Hi Chris. I wonder if August Nielsen could answer another question. I frequently find that an interviewer rarely has seen my resume before I've arrived for an interview - the most common scenario is the interviewer reading my resume while I sit in the chair across from him. This makes me wonder about the value of writing a cover letter. If the interviewer hasn't had time to read my resume, why would he bother reading my cover letter? I feel pressure to include cover letters with job applications but I can't justify spending any quality time on them given my interviewing experience. Are applicants ruled out by the absence of a cover letter? Is a bad cover letter better than no cover letter? I'd love some feedback on this if available. Thanks.

Guest's picture

Covers letters are rarely read by hiring managers. I have been in recruiting for 10 years (the past five as a corporate recruiter).

Chris Birk's picture


I ran this past Augie. Here's what he told me:

"Well, I would rather be safe than sorry on this. You never know who's going to be reading these. Perhaps the HR rep or resume screener passed you on to the hiring manager because of your great cover letter. Hard to tell. You can't control the interviewer's lack of preparation. You should concentrate on what you can do to put yourself in the best light possible so that you emerge as the best candidate.

Regarding your other question, unless the company has asked for a cover letter specifically, I don't think they'd necessarily screen you out if you didn't have one. A bad cover letter is worse than no cover letter in my opinion."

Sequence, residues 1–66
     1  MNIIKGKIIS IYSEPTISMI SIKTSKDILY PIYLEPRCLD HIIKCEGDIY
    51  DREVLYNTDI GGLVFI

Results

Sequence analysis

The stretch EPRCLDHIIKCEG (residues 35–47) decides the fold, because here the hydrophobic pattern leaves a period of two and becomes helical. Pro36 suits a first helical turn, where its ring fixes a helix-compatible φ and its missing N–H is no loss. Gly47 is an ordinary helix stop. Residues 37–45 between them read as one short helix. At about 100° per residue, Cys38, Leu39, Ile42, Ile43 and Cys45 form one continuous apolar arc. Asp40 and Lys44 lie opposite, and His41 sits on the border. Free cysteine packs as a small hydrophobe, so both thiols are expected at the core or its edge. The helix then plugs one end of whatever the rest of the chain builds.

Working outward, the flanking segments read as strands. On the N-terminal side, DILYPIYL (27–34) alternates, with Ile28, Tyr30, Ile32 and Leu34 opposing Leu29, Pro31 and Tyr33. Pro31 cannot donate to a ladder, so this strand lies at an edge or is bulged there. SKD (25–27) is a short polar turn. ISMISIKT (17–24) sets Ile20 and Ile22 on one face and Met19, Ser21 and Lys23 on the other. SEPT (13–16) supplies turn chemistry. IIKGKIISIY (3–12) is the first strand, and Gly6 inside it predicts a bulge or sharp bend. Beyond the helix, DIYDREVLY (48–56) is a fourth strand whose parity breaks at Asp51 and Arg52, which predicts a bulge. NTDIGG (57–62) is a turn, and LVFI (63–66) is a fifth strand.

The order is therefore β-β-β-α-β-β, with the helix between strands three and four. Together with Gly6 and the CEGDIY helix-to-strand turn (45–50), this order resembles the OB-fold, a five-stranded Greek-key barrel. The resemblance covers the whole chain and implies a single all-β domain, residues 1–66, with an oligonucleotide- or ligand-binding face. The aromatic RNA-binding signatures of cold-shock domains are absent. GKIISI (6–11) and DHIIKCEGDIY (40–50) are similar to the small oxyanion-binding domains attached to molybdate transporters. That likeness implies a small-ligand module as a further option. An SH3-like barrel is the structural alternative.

Hope that helps. Thanks for reading.


Guest's picture

going to a job interview today. I will be wearing a tshirt and some pants. I am very thankful i'm in the creative industry since i hate wearing ties. I find if you act comfortable and confident thats most of the interview right there. I do a lot of job hopping, since thats the easiest way to get promoted and a raise. I always feel like my experience and portfolio get me in the door, but my personality and a normal conversation with the interviewer gets me those jobs. Dont go all stressed out and desperate, relax, have a good chat but dont ramble. Practice makes perfect.

Guest's picture

Good post! Too many perspective employees don't prepare for the interview, send thank you notes or practice interview questions. When they treat this very important interview too casually, the result is failure.

Guest's picture

This is an old post, but if an HM could answer this question it will be awesome. I have read about graphical CVs and I think they're pretty nifty. I just want to know how effective they are, such as those that can be created via SHINE app (http://goo.gl/vhZ2q), from the point of view of a hiring manager.